RIDING IN MEMORY: Kangaroo Marchers Graham Brown and Neil Hughes approach the township of Illabo in the Riverina, past fields of canola. Photo: Graham Tidy.
SOFT grey clouds throw shadows over a sea of green and yellow crops along the Kangaroo March route, where Des and Bubba carry two mounted men across a sodden ditch.
Five days into the re-enactment of the 1915 recruitment march from Wagga Wagga to Sydney, canola and wheat crops fill the farms that were stripped bare of their young men and best horses for the war effort.
Records say 136,000 horses, known as walers because they were originally sold through NSW, went to war.
Des, a 12 year-old Australian stock-horse, belongs to Graham Brown, and Bubba, a 7-year-old expacer, is Neil Hughes’s horse who left the track a year ago. The two Australian Light Horse Association members will ride them for 90 per cent of the 500km journey.
“People are coming out to their farm gates with water, or Anzac biscuits or apples or mandarins, even carrots for the horses,” Mr Brown said.
Unlike the original march in December, this one is in spring, to avoid the heat and harvest trucks that rumble through the Riverina.
A 1915 photograph of the march hanging in a hall in the Southern Highlands village of Exeter inspired residents Rhondda Vanzella and Mr Brown and his wife Jan to re-enact it.
“My vision, of riding it almost on my own has blossomed into something far, far bigger than I ever considered,” Mr Brown said.
Twenty five light horsemen will join them further along the Olympic Highway at Wallendbeen on Sunday, part of a large welcoming parade for the Governor General Sir Peter Cosgrove, like 1915’s welcoming party, when Governor General Sir Ronald Munro Ferguson met the volunteers.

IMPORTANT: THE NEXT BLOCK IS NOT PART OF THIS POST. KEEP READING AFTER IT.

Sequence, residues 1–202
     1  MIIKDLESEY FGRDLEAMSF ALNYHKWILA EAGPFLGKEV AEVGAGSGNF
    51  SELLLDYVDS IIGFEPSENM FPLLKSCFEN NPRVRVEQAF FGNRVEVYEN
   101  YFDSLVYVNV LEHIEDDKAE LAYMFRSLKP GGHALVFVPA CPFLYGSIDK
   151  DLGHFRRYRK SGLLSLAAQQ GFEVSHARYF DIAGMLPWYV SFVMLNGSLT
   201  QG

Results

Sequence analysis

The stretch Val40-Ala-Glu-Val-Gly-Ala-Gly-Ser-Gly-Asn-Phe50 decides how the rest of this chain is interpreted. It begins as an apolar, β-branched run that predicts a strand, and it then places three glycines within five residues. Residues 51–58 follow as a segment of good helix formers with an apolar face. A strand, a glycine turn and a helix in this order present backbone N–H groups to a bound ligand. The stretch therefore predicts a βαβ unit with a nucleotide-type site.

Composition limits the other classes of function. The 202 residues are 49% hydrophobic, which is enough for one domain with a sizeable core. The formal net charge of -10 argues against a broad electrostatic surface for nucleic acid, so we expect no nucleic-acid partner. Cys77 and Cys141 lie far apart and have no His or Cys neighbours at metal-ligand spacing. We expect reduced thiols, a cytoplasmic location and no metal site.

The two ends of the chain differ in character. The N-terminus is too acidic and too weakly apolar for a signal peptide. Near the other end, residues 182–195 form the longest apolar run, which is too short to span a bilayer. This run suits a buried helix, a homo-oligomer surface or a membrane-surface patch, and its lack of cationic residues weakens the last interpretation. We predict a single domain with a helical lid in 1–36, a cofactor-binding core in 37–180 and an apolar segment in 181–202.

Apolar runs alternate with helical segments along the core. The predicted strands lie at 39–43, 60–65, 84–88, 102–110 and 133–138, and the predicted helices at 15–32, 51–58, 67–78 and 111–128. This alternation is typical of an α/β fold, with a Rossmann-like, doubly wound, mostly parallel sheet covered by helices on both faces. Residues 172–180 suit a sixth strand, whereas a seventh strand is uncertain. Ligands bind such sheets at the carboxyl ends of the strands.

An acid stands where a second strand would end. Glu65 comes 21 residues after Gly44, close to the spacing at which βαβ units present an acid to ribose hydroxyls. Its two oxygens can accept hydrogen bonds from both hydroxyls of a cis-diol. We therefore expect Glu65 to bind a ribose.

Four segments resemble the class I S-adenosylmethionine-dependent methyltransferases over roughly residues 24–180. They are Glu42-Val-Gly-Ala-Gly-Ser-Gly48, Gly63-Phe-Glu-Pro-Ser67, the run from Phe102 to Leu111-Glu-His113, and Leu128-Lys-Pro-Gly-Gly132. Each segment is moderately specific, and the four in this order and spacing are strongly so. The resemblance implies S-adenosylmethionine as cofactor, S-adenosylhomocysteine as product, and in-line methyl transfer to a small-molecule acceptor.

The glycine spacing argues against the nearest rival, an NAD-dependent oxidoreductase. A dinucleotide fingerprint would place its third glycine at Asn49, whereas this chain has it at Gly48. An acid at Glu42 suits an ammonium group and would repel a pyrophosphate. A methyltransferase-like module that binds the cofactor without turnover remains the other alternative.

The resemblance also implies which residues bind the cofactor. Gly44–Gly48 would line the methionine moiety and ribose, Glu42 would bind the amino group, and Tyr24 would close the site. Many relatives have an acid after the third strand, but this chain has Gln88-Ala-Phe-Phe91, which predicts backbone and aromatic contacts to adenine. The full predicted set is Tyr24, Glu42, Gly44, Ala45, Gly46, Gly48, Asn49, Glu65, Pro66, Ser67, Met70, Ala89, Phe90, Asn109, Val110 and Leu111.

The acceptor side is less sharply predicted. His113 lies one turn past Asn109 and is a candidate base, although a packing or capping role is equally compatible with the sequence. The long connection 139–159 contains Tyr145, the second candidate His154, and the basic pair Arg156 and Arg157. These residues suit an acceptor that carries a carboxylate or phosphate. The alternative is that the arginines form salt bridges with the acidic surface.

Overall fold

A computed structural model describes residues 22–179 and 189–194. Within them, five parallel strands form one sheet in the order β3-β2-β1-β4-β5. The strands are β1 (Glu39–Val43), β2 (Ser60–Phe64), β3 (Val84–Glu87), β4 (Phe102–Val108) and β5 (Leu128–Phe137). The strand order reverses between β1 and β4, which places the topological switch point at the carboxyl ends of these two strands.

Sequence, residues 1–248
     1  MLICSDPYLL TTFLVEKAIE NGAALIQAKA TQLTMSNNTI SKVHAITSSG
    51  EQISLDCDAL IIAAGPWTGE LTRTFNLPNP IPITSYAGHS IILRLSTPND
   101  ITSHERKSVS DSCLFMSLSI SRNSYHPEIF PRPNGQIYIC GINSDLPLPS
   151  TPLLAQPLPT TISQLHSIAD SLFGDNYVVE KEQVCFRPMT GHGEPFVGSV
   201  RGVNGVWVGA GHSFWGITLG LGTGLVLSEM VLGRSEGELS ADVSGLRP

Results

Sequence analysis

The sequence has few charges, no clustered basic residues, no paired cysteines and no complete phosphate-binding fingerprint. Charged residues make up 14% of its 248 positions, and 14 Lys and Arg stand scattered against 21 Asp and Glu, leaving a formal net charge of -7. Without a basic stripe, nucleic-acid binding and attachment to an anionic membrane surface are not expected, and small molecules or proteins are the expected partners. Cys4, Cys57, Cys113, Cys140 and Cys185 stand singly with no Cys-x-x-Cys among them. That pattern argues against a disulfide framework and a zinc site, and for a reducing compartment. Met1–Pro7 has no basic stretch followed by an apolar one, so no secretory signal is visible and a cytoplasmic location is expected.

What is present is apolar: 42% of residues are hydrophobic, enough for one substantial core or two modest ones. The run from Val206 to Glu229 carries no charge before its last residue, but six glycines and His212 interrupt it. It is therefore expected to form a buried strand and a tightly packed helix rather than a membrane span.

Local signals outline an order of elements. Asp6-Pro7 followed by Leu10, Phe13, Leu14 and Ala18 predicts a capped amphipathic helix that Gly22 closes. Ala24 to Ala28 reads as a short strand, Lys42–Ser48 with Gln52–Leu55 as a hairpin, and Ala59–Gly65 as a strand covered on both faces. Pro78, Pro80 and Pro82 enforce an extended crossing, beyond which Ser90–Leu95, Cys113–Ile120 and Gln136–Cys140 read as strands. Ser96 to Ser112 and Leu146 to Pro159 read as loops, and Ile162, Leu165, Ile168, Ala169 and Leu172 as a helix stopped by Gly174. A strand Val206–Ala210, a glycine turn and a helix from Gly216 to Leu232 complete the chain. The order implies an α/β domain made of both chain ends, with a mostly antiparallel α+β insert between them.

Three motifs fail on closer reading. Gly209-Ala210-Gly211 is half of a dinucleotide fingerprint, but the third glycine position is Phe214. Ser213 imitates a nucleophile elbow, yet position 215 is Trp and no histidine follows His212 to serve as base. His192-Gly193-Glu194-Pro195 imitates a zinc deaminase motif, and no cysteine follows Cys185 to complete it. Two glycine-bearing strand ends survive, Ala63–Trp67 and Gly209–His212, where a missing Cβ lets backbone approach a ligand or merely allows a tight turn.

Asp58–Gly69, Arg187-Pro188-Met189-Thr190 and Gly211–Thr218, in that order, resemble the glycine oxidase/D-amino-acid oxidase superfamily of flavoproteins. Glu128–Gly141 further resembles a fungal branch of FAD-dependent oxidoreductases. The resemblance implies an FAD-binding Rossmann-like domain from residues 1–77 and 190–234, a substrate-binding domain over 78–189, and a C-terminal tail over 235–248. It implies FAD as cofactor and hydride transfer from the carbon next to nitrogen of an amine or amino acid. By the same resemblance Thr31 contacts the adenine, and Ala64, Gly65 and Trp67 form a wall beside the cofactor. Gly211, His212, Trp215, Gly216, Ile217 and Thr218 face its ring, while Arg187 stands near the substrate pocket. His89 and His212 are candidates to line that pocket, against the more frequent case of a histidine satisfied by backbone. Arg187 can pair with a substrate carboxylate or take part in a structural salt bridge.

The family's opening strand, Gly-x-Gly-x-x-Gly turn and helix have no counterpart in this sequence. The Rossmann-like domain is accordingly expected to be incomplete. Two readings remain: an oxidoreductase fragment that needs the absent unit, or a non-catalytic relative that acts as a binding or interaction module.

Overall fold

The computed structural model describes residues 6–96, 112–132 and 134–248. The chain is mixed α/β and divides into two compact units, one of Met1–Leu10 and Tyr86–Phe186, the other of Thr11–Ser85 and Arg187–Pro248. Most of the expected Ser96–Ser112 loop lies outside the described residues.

Sir Ronald was a friend of Wallendbeen soldier Kenneth Mackay, who had previously recruited light horse volunteers, according to a descendant and Wallenbeen farmer, David Jacobs.
“When the referendums failed for conscription in World War I, and they needed to rally the troops, go out to country areas and bring people in to go to war, he was an obvious choice because he had already done that to raise a light horse in the first place back in 1895,” Mr Jacobs said.
“Mackay had been an exceptional soldier in the Boer War, he had raised a light horse army himself and therefore was a fitting choice to raise a recruiting march to generate interest, to create the fever, to make it all happen, that there was always food, people, always something in every town so people would enlist.”
Mr Jacobs says the Governor General’s visit acknowledges the significance of small country towns in Australian history and their deep connections to the past.
Rural families paid dearly for the war effort, while others like Major Les Willsallen stationed in Cairo with his wife, Pearl, made the most of it.
Taking his favourite horse Snoogles, he played polo and hunted foxes among the pyramids, and won the Order of the Nile after he and a handful of Australian cavalry charged and captured several hundred of the enemy. He also won the Distinguished Service Order.
From Gunnedah, Willsallen re-settled at Widgengully near Jugiong after the war. His descendants have loaned organisers a windfall of memorabilia, including his saddle.
Among walkers on the re-enactment, Ken Halliday of Goulburn said: “This is a one in 100 year opportunity, if we don’t do it, it will be forgotten.”
Michael Jones of Wagga Wagga is driving a four-wheel-carriage behind Sam, 14, and Annie, 4. Unlike Des and Bubba, the two clydesdales pulled like war horses when they struck that ditch.
With an admiring eye over their powerful hindquarters, Mr Jones said: “I’ve got high and low gear in four-wheel drive.”